A Bridge To Nowhere – The art of getting unstuck
The other day,
I was sitting in traffic trying to cross the Golden Gate Bridge. I needed to get to the North Bay to meet an important networking colleague and referral partner. It was a meeting that easily could have been a “catch up session” over the phone. But seeing as it was springtime, we aimed to meet at a favorite spot that has a fantastic reputation for sunny sidewalk seating, great Italian food, and rich espresso.
I always leave in plenty of time to arrive early. This day was no different. So as I sat on Doyle Drive waiting for the tourists and double-decker buses to get through the tollbooth, I embarked upon a moment of mental relaxation, reflecting on my journey, business, and the afternoon ahead.
It was a gloomy day in San Francisco
In a Spring that has been a bipolar mix of rainstorms and (of all things) heat, this was an afternoon that provided neither the sun we desired, nor the rain we very-much needed.
Gloom, fog and traffic. I was stuck. I couldn’t see much.
The light at the end of the tunnel
As locals to the Bay Area know, something almost mystical happens when you cross the Golden Gate Bridge from San Francisco to Marin County. As you leave the city in your rear view mirror, 220 ft above the Pacific Ocean, the skies open-up and the warmth of the California sun reaches into your car. It’s nature’s way of welcoming you to the Marin Headlands and the cities to the North.
It was tempting to get lured into that mindset. Sitting in the damp, cold, grey fog, the idea of sunshine and warmth which I knew was a mere mile-and-a-half away was an attractive proposition.
Standby for news
So stuck in traffic, I tuned to my AM dial to see what KCBS had to say.
The news was in — there was an accident on the bridge. I wouldn’t be going anywhere for quite some time. Ugh.
As attractive as the idea of sunshine was, I quickly resigned myself to the inevitable verdict. Not only would I be late, but I was likely to miss my meeting altogether. Time to hop on the phone, reschedule the meeting, and find the nearest exit.
I almost ended up on a bridge to nowhere
On that particular day, canceling a meeting to which I was really looking forward was a most unwelcome development. Stuck in the fog. Stuck in the traffic. Stuck in a literal sea of gray, I dreamed of the moment where I would reach the other side of the bridge. Sunshine. But I would never get there.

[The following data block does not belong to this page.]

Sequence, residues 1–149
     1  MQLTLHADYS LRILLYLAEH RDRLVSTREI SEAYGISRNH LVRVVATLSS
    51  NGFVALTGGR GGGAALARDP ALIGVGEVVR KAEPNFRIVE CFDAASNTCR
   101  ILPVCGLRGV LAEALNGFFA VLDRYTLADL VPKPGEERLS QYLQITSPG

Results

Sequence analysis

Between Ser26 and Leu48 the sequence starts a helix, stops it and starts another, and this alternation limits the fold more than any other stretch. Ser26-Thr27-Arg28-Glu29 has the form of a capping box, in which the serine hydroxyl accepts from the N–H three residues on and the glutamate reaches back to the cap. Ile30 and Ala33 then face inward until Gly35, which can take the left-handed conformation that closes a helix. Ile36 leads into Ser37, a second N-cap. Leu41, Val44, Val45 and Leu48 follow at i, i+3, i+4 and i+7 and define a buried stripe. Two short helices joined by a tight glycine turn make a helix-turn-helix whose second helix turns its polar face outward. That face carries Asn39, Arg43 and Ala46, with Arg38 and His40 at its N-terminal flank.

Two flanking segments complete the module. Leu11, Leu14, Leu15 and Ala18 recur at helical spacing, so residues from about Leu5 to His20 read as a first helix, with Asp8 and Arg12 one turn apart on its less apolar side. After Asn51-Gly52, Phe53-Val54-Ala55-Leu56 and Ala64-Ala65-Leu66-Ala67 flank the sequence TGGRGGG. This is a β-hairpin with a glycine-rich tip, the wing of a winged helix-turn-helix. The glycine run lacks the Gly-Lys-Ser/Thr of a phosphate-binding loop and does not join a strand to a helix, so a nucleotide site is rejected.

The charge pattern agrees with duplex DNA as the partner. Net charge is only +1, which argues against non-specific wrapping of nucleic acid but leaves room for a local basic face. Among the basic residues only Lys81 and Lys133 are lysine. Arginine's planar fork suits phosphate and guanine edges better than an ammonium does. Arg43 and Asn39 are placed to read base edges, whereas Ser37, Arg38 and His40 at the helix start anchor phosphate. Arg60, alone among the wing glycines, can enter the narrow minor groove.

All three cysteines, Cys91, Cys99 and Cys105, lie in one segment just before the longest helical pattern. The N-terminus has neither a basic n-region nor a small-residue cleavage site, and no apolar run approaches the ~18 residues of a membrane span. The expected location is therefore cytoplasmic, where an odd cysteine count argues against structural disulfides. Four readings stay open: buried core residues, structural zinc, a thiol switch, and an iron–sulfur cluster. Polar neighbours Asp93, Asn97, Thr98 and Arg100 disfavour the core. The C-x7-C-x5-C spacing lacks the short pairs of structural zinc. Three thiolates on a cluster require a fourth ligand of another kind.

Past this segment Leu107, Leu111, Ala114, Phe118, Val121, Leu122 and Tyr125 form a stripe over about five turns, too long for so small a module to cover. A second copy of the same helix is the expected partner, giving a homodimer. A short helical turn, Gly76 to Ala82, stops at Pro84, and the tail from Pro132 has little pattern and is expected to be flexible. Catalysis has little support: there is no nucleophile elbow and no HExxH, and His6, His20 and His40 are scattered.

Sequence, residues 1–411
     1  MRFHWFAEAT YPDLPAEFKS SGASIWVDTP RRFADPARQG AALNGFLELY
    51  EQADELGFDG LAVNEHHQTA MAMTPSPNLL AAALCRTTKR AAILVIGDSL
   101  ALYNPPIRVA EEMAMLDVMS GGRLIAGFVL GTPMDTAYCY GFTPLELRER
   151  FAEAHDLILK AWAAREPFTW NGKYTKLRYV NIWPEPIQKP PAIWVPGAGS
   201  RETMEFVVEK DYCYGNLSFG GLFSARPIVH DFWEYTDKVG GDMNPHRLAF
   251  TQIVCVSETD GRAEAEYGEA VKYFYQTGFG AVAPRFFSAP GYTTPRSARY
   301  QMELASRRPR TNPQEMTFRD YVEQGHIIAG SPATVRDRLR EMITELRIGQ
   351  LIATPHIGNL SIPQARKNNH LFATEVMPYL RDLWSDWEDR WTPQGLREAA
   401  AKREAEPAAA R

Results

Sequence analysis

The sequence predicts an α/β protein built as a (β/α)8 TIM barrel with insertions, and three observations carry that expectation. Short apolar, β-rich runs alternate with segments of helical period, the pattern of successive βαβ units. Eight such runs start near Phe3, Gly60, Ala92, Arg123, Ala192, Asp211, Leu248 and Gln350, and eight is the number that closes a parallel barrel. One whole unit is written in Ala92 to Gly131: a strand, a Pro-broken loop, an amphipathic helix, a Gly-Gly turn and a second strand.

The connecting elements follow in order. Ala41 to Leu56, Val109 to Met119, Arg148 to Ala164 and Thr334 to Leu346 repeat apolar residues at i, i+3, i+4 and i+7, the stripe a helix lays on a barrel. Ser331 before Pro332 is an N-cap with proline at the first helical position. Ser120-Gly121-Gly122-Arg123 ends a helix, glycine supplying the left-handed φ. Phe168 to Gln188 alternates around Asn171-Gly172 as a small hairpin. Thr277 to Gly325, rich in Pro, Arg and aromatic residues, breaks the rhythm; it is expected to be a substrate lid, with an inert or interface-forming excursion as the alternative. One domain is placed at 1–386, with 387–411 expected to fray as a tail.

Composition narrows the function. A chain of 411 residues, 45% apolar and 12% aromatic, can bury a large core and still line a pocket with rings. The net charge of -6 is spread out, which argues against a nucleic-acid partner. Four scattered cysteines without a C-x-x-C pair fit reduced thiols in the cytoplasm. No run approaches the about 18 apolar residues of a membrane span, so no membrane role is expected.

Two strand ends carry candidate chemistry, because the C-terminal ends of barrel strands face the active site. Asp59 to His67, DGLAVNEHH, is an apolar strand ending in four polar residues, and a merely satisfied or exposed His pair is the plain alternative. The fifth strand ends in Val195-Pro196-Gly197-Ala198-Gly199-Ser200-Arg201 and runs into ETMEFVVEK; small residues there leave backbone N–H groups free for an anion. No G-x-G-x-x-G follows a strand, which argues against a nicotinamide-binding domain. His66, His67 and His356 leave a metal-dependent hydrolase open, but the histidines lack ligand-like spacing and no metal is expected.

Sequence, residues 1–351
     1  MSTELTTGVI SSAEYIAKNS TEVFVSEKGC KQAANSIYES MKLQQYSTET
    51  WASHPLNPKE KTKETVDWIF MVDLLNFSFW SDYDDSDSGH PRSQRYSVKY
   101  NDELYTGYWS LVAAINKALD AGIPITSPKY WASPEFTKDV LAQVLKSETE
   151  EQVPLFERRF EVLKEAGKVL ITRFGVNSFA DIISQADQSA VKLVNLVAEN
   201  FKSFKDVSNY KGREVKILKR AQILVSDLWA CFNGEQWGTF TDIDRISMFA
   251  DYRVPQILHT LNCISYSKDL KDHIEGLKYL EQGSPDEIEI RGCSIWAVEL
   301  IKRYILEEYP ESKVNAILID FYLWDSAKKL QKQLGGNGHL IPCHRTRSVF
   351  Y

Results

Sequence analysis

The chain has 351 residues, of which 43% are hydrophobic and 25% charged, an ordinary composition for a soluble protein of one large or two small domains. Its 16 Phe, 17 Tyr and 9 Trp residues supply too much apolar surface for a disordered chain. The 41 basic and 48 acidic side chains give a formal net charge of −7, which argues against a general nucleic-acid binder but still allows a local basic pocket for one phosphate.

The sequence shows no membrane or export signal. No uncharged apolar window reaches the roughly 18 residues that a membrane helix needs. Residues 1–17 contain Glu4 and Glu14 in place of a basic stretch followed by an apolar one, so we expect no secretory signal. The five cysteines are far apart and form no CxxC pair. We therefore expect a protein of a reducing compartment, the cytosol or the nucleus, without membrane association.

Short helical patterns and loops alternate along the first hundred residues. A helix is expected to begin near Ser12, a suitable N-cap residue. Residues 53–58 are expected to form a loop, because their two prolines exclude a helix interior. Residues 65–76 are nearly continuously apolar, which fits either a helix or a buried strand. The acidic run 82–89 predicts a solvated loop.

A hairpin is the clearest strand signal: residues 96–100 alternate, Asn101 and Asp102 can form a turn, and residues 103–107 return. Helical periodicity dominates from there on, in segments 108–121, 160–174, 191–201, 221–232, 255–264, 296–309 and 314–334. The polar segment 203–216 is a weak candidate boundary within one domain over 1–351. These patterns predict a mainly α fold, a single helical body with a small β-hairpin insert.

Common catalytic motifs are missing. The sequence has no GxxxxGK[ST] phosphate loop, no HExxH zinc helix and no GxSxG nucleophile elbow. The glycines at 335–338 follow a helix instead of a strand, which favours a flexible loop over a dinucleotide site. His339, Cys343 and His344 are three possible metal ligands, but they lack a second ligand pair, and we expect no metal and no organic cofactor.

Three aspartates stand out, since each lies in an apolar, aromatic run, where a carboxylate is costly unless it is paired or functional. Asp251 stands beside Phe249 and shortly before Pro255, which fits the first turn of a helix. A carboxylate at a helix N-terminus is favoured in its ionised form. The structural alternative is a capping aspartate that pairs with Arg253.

I was stuck in the fog . . .
Being stuck is a frustrating place to be
That’s why as business owners (or managers), we have to limit the time when we’re “spinning our wheels”. Stuck in the fog, unable to see the bridge, yet contemplating the sunshine on the other side of the Bay, I was in a place without perspective.
I’ve found that in business (and life) it’s easy to get mired in tunnels, constantly telling ourselves that things will get better when we get to the other side.
Now there’ s a lot of truth to that. No doubt, things would have looked awfully brighter had I reached the sunny side of that bridge. Experience told me that.
But lost in that truth is the inconvenient fact that sometimes the best course of action is to stay out of the tunnel altogether.
Don’t get on the bridge to nowhere. Get off the highway. Turn your car around. Go back to your desk. Restore your afternoon of productivity.
That’s exactly what I did
It was a tough decision. But the reality was that I probably wasn’t going to meet my friend anyway. I would have been far too late and his schedule would have required him to move on.
That doesn’t mean the choice was easy. It’s easy to envision the light at the end of the tunnel. It’s easy to justify an hour stuck in traffic when the end result appears to be sunny skies, a bowl of pasta, and rich espresso.
“Sometimes letting things go is an act of far greater power than defending or hanging on.” – Eckhart Tolle
The art of getting unstuck
Getting “unstuck” isn’t as much art as it is discipline. Discipline to quit. Discipline to look at your cards, make an assessment, and choose not to proceed.
In business, I’ve found it easiest to get stuck when either trying something new, or after “doing the same thing” for too long. Both of those situations are when the business owner and manager in all of us can fall prey to a common human fallacy — accepting the current condition as fact — not a transient situation over which we have free will.
So . . . .
- When you set a goal, set a deadline.
- When you start something new, calendar a day to assess whether your new venture should continue.
- When you find yourself stuck, schedule a time when you’ll quit. And then quit.
Taking a break can be the perfect moment to reassess whether you’ve been traveling in the right direction.
Being stuck is rarely the right place to be
In fact, it’s almost always an expensive place to be. It’s a condition we all-to-often accept as “reality”, rather than a transitory condition in which we hold the keys to our own destiny.
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